How climate change is affecting Canada’s icy landscape: ‘Glaciers can’t get a break’

On a mountain high above the residents of Metro Vancouver, tucked inside a north-facing gully, the region’s last remaining glacier is vanishing fast.

The Coquitlam Glacier has survived 4,000 to 5,000 years thanks to its sheltered location on the east side of the Coquitlam watershed.

However, scientists say it’s among thousands across Canada that are shrinking more quickly than expected due to climate change, with consequences for everything from ecosystems and climate regulation to water supply and tourism.

“It’s hanging in there, but it’s certainly wasting away quite quickly at this point,” said Peter Marshall, field hydrologist with Metro Vancouver’s water services.

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Marshall and his team have been measuring the glacier with laser and light technology, and he said the results are concerning.

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Between 2015 and 2018, the glacier thinned by almost half a metre per year. Since then, the pace has risen to 2.25 metres per year. While the glacier’s disappearance is expected, the near fivefold acceleration has been a surprise, especially since it has coincided with years of heavy snow, he said.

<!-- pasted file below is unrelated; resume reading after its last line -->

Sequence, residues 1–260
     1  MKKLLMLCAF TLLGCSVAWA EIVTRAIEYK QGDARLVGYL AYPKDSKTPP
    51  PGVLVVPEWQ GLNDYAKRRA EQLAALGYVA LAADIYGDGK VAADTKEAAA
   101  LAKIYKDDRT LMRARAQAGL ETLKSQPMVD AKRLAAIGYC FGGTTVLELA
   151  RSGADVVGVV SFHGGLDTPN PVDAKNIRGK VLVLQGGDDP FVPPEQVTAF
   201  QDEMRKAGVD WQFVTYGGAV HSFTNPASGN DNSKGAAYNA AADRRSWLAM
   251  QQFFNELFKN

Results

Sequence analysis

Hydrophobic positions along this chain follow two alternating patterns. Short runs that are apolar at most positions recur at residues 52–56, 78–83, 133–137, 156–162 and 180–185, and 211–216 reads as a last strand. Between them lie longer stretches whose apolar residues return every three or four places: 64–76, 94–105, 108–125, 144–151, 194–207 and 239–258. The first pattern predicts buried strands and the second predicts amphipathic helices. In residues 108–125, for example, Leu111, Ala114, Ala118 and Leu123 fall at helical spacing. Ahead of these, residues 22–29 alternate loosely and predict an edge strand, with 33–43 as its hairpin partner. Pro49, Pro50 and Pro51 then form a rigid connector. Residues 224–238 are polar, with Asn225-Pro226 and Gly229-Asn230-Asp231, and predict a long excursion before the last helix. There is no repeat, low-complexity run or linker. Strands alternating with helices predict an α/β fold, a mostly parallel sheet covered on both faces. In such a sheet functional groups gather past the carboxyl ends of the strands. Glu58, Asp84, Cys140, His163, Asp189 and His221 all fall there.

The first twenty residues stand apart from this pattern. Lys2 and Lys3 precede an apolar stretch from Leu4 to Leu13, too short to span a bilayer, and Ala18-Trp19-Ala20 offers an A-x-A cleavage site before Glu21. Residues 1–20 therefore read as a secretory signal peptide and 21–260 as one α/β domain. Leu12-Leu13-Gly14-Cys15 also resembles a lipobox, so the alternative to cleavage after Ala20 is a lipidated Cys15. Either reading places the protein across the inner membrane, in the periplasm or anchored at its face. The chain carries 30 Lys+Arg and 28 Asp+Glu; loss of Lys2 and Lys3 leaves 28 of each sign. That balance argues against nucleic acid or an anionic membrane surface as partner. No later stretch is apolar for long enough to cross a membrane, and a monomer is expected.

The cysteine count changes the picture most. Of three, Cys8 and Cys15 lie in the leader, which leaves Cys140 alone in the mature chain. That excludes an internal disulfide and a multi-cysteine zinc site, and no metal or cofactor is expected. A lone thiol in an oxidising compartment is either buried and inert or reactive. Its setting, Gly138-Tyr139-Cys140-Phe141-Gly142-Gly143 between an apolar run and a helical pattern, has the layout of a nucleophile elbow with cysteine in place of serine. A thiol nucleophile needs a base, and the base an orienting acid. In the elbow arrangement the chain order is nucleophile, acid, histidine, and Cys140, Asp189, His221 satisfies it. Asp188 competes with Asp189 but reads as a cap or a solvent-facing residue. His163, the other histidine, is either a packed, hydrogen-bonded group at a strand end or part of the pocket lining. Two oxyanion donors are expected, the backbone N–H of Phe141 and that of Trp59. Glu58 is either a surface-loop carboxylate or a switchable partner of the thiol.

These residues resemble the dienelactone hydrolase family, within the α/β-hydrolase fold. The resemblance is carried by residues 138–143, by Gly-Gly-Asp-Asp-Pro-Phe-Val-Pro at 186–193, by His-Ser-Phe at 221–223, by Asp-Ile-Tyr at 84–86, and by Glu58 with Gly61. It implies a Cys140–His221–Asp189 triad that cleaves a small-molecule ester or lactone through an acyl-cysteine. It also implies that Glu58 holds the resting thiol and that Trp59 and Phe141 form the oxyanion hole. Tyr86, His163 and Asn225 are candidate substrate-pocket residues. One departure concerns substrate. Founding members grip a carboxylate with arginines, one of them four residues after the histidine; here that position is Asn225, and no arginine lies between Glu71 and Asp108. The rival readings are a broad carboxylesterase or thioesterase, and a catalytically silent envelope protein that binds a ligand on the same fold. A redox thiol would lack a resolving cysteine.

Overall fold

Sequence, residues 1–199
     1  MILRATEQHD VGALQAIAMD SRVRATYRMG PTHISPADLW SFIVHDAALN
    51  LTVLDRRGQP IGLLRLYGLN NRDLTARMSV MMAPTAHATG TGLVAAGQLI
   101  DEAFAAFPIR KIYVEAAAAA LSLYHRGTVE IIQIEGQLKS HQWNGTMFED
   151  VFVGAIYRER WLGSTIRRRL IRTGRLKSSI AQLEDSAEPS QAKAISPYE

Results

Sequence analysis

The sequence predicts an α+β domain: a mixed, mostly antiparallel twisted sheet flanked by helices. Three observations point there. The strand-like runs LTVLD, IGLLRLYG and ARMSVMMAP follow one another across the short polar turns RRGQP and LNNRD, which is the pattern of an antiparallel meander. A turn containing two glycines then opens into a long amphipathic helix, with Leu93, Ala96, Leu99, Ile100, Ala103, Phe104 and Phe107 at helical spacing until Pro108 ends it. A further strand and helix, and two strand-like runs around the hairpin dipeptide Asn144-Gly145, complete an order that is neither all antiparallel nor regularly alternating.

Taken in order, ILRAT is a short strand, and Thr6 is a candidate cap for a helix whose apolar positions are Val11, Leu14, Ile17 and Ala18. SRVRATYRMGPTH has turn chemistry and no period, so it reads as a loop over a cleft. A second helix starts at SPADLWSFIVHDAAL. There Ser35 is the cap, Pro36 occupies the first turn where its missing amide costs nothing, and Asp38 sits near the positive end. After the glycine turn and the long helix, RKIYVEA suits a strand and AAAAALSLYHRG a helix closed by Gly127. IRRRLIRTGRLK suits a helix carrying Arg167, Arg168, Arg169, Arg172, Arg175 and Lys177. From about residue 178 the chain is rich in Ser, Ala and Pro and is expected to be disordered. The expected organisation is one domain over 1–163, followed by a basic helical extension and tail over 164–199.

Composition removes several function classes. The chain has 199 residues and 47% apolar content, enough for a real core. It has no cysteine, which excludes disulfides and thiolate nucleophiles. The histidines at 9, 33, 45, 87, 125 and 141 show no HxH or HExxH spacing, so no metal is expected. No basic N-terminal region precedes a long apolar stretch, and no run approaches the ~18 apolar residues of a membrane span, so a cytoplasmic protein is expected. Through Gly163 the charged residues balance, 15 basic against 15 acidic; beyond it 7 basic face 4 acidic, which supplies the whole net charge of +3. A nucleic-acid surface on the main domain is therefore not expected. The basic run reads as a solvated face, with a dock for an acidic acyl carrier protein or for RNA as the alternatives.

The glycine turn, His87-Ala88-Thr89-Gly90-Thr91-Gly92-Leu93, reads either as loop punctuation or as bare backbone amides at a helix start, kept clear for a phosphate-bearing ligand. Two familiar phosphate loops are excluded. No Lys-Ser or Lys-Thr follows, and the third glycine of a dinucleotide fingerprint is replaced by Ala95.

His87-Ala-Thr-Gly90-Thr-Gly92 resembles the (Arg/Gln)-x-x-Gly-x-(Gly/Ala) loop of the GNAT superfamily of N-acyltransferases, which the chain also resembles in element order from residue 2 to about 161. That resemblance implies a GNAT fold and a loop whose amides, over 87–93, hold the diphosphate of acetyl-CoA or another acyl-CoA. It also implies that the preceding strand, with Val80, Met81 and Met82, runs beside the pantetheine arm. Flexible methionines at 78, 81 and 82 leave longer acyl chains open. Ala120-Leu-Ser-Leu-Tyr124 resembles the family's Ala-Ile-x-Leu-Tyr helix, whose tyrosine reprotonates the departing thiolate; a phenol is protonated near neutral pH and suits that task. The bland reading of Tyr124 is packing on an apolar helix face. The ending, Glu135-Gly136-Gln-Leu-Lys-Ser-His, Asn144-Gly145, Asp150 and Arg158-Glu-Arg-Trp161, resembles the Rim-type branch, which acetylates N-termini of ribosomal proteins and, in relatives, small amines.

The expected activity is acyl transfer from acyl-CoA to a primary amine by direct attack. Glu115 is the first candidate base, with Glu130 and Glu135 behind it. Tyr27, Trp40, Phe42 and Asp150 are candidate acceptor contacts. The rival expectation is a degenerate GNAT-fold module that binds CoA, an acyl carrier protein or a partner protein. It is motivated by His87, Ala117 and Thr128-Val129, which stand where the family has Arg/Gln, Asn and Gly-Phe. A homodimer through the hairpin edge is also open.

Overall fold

“With the seasonal snowpack being above average, we thought maybe that would help to slow it down, but I think the long, dry and hot summers that we’ve had over the last five to seven years have really accelerated this change.”

Marshall said that in “20 to 30 years, we will officially be saying that we have no glaciers in our region,” adding it could happen even sooner.

The Coquitlam Glacier is one of several in Western Canada under watch by experts as warming temperatures and soot from wildfires contribute to the melt.

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Mark Ednie, a glaciologist with Natural Resources Canada based in Ottawa, said Canada’s glaciers have a special role to play in global climate regulation, given that the country holds more square kilometres of glaciers than any place in the world other than Antarctica or Greenland.

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And those in British Columbia, Yukon and Alberta are distinctive for their quick melt.

“Glaciers in Western Canada and the northern United States are melting at one of the fastest rates in the world, so it’s quite, quite eye-opening,” Ednie said.

Western Canada’s glaciers are a key water source, feeding waterways like the Bow River and North Saskatchewan River. As glaciers melt, the water volume and quality will go down, with potentially big impacts for people living in those areas, he said.

Ednie likened glaciers to water reservoirs or banks of water. Right now, we’re drawing water that was put in storage in the 1800s, he said. “At some point soon,” however, the glacier melt will reach peak flow, then run-off to streams and rivers will decline.

“That’s something we need to plan for,” he said, adding the effects will be felt from hydroelectricity to agriculture.